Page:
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How Occupy Wall Street plans to spring back to action

Occupy Wall Street isn't dead, leaders of the movement say. It's ready to emerge from a winter of hibernation with a spring of renewed activism.

By Staff writer / March 30, 2012

An Occupy Wall Street protester stands on the steps of Federal Hall in the financial district in New York Friday. According to organizers, the focus of the day was 'spring training,' and included teaching people how to lead a march, handle law enforcement, and resist arrest.

Andrew Burton/REUTERS

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Los Angeles

After a relatively low-profile winter, the movement that branded pup-tent activism into the national consciousness is embracing the advent of spring.

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In Washington Friday the Occupy Wall Street (OWS) movement is launching its second act, kicking off a month-long series of marches, training sessions, and general assemblies with Occupyers from all over the nation.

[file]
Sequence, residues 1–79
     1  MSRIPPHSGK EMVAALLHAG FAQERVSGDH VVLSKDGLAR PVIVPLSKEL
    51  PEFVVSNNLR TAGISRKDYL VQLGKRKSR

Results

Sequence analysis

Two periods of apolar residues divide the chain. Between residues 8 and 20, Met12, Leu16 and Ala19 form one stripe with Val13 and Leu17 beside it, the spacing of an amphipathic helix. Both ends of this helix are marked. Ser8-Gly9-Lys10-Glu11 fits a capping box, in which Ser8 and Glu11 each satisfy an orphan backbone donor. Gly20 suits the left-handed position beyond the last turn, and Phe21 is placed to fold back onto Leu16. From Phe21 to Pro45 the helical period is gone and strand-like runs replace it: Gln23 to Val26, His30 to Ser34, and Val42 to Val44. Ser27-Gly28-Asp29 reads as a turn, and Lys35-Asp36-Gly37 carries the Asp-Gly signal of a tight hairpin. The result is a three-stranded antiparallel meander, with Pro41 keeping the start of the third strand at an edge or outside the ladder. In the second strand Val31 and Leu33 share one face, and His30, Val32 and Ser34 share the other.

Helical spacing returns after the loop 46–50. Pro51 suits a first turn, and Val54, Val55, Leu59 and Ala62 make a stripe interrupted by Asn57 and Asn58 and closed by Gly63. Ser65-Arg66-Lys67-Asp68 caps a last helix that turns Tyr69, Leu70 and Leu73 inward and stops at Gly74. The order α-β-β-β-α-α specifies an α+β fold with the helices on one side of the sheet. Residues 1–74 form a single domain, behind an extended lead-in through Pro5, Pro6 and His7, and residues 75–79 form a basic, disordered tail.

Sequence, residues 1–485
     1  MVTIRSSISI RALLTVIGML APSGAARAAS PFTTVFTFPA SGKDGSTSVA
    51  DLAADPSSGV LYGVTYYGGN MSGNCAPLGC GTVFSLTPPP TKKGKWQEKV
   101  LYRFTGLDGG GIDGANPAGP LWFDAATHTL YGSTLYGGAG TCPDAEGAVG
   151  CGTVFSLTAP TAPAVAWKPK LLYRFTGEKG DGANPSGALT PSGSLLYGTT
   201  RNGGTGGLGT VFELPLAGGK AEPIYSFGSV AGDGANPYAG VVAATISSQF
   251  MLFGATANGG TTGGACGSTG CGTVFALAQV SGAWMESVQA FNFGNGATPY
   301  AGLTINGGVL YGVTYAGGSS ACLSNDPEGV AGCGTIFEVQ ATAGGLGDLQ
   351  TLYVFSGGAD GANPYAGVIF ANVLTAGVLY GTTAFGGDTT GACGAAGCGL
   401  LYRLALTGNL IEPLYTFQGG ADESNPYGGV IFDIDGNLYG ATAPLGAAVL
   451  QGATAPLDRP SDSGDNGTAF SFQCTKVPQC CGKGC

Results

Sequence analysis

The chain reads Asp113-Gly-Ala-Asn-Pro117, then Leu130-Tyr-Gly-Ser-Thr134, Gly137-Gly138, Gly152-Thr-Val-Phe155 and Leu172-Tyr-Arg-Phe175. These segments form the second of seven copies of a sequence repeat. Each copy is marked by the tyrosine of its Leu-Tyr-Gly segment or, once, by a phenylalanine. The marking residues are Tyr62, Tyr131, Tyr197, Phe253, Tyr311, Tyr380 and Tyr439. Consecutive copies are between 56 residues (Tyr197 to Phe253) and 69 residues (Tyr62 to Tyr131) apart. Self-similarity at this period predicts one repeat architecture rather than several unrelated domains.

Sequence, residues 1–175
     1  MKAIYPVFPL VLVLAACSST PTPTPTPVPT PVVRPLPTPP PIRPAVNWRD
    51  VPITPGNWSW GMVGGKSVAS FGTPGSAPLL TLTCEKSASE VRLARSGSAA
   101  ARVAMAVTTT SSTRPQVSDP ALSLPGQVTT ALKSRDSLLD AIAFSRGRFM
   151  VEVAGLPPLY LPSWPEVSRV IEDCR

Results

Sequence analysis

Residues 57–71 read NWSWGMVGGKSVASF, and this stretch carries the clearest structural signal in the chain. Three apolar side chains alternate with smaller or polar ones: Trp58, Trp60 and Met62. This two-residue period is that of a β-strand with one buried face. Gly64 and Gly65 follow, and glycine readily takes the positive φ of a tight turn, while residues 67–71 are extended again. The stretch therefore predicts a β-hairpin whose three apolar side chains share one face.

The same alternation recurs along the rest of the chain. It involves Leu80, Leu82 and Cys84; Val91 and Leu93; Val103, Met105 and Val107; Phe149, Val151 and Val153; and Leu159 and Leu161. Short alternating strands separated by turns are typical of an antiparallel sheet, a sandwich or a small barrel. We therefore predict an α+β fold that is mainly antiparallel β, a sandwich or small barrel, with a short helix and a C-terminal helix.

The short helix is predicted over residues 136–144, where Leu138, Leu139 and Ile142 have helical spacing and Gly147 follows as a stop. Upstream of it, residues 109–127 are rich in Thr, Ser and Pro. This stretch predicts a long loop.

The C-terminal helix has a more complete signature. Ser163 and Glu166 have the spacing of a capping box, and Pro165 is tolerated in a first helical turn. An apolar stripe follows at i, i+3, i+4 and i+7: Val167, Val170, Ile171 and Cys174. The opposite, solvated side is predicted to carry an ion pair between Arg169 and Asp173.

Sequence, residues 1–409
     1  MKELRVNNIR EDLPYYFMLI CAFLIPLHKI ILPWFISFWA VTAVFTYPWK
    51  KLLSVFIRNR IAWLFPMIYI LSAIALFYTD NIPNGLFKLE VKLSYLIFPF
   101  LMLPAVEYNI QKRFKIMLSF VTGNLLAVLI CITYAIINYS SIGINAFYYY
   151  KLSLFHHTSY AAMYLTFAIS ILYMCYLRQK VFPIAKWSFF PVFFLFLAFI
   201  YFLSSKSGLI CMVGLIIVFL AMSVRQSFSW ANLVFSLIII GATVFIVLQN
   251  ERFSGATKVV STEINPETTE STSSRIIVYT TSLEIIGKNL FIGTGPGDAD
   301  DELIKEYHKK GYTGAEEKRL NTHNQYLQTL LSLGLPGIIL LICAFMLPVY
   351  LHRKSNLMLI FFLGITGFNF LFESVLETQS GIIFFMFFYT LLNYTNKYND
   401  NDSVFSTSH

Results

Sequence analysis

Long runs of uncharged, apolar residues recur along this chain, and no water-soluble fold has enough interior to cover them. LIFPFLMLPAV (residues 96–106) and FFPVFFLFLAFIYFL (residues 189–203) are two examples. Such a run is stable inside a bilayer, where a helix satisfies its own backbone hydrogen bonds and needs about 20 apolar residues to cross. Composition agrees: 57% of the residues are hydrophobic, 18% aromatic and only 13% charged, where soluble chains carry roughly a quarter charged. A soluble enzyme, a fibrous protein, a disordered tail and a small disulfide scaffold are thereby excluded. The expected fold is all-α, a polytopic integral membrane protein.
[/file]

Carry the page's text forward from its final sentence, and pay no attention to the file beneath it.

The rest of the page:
Dubbed National Occupy Washington (NOW), the event began with a march on the Environmental Protection Agency – accompanied by a brace of alpacas, a large polar bear, and a even larger blow-up of planet Earth.

“This is just the tip of the iceberg,” Kevin Zeese, one of the coorganizers, says by cell phone while marching under the overcast capital skies.

“We are preparing to give people the skills and training they need for longer and more powerful involvement,” he says, adding, “the tents were just a tactic, not the purpose of this movement.”

While many have seen the disappearance of the signature tents from downtown parks from New York to Oakland and Boston to Los Angeles as a sign that OWS had lost both its appeal and vigor, Mr. Zeese counters that long-term social campaigns such as the civil rights movement unfolded over years and took many forms as they progressed.

“We may be less visible, but we are just getting started,” Zeese says.

Spring is inspiring other OWS-related activism as well, including the 99 Percent Spring, a coalition of progressive groups launching large-scale nonviolence training for its members and a national call for a general strike on May 1.

OWS is in transition, says Mark Tatge, journalism professor at DePauw University in Indiana. “I don't see it dying, I see it morphing into something beyond just an attack on the big banks or Wall Street,” he says via e-mail, adding that the seeds of this movement can be seen elsewhere.

“There is really more than one ‘Occupy Wall Street’ movement underway,” says Professor Tatge, pointing to coalitions of groups mobilizing over issues such as immigration, fights over creationism in schools, a fierce battle over health care now before the Supreme Court, and the recent shooting of an unarmed teen in Florida.

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